Our last concept art class before the holidays (more specifically before the year end presentations), Tony showed us a variety of new tools along with another silhouette exercise to help generate ideas for the upcoming brief ‘Dystopian Utopia’.
Much like the robot brief we’ll have to research dystopian vehicle design from various mediums (film, comic, tv etc), create twenty design thumbnails of our own, group crit for the best ones and then create a final design. To kick start us all in the right direction we gathered vehicle silhouettes from the internet and began to piece them together in Photoshop using any of the techniques learnt up till now.
Given the frequency we’ve been using this great technique I’ll skip the details and present to you the battle hippie wagon.
Body of the VW camper, treads from a Challenger II, gun mount from a US issue Hummer and side wheel armour taken from what looked like a basic Ford Transit. It’s a hoot doing these, I kind of switch off and see what the end result is.
Tony wanted to cover some other tools that could help us conceptualise new ideas, so all attention turned to SketchUp. Cue the video used to demonstrate it.
Naughty Dog used SketchUp during the concepting stage for Uncharted 2. The speed of modelling it allows presents the opportunity to get your designs off paper into the third dimension very fast, immediately giving you a better sense of scale. They even used it to white box certain levels, making a set of modular assets and using instances of said assets to get a rough idea of larger environments. Very very cool stuff, I plan to use my student email and get an educational copy.
Everyone loaded up SketchUp and after a brief five minute introduction we were told to have a play to try and create a vehicle shape. After the video I was expecting it to be the most straight forward, intuitive piece of software ever created, sadly I think all my time with Maya made it harder to grasp at first.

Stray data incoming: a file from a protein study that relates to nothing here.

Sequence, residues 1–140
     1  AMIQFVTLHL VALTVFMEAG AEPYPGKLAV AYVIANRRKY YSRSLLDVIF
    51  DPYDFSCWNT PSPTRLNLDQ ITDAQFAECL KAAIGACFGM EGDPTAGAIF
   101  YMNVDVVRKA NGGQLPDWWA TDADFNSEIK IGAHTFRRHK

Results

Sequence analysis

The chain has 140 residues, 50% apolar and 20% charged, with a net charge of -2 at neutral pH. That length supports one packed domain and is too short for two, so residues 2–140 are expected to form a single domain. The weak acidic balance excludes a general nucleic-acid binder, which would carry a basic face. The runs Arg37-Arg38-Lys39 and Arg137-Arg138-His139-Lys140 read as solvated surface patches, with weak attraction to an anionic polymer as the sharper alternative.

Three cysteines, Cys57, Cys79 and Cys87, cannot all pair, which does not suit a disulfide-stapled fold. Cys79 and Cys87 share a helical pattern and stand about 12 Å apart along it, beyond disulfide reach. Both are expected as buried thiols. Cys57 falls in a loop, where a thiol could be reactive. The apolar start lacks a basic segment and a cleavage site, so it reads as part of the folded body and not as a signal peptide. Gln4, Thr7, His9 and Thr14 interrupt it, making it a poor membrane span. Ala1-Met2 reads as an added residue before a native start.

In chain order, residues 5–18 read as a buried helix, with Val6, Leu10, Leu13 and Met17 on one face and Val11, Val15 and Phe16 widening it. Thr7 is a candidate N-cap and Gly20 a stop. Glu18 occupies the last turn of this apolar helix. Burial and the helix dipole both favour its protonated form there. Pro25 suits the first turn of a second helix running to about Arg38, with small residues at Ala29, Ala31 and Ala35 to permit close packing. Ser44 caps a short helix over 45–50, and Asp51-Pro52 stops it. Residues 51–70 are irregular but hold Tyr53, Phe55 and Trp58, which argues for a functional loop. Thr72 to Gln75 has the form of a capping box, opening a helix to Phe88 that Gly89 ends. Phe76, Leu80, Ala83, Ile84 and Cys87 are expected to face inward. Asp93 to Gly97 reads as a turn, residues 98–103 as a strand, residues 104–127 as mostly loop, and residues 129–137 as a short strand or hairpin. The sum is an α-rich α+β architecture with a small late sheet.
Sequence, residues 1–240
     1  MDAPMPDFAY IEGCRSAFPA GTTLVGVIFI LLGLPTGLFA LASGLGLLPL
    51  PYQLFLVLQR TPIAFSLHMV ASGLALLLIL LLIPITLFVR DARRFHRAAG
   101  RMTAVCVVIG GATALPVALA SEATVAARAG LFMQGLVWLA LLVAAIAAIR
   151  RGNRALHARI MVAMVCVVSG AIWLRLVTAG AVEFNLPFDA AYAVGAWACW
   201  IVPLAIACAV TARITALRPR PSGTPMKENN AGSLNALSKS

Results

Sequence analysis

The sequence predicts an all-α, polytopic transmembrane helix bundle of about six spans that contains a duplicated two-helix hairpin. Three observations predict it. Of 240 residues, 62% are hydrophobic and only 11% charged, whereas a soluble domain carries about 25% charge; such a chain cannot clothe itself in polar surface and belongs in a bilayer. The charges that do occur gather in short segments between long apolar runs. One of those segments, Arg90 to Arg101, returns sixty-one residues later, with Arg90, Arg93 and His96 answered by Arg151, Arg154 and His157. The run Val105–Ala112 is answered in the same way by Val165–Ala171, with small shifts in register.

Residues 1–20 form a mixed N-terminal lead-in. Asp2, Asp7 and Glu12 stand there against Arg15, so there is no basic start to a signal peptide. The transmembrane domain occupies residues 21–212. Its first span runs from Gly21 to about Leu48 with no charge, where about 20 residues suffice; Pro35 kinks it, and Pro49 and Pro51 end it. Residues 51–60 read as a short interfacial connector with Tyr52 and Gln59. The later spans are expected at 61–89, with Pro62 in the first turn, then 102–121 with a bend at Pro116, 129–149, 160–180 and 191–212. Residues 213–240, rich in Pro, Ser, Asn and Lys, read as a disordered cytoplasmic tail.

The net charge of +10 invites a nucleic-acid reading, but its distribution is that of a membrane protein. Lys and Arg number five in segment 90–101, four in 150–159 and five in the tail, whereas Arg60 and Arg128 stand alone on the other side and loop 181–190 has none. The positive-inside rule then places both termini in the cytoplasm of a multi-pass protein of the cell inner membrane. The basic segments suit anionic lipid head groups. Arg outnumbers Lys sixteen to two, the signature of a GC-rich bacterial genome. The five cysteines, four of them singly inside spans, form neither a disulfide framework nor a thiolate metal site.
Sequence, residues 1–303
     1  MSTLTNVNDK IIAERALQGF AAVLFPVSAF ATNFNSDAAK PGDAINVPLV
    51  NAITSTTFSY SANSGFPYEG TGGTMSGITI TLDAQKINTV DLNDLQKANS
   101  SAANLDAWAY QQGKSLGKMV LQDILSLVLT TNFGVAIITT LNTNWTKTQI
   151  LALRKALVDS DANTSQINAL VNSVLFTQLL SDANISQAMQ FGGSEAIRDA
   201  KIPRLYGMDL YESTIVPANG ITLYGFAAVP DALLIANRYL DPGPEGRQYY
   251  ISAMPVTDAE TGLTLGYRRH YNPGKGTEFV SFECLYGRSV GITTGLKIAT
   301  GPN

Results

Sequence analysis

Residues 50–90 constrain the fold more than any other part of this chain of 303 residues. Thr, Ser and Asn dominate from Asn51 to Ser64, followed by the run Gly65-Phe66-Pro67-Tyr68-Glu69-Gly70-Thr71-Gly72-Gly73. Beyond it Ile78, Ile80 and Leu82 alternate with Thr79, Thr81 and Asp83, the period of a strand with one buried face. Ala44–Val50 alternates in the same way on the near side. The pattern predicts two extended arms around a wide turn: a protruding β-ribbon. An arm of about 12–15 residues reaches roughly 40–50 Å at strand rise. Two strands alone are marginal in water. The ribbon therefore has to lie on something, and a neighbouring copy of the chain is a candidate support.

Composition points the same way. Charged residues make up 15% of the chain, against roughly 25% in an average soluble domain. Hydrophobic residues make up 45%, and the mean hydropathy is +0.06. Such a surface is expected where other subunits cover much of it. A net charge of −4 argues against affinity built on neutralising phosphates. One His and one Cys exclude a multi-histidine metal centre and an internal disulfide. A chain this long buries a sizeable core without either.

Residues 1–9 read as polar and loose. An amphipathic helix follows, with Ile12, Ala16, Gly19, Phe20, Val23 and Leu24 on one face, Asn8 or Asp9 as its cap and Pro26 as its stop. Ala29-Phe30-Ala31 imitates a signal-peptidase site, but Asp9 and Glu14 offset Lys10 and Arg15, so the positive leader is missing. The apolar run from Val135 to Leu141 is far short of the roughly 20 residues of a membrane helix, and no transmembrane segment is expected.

Making initial shapes is very fluid, along with simpler actions like extruding however once you make too many complex edits (especially ANY curves) it becomes impossible to edit shapes any further. So if you have some plan going in, and experience with the package, I can appreciate it being VERY fast for blocking out a model.
I tried to block out my VW van tank from earlier.
Moving on to another tool that may be useful to us, we were introduced to Mudbox. Now I’m well aware what Mudbox is, I spent some time experimenting with its competitor ‘ZBrush’ years ago when it first came out. The easiest way to describe it is digital clay sculpting.
Much like before we were given a quick five minute introduction to some of the basic tools (sculpt, flatten, smooth, wax etc) and then let loose to try and make a face.
Given how short the exercise was (three exercises crammed into two hours!) I’m somewhat pleased I ended up with something that looked like the beginnings of a head/face. I don’t want to say Mudbox seems easy as I know nothing at all about the software outside of a few minutes of tuition, so I’ll rephrase easy to intuitive.
I’ve tried real sculpting before and it’s difficult and far less forgiving than doing it digitally. Real life doesn’t have a Ctrl-Z for a start. I’m aware that Mudbox will eventually become part of the main course content and I’m looking forward to when that happens.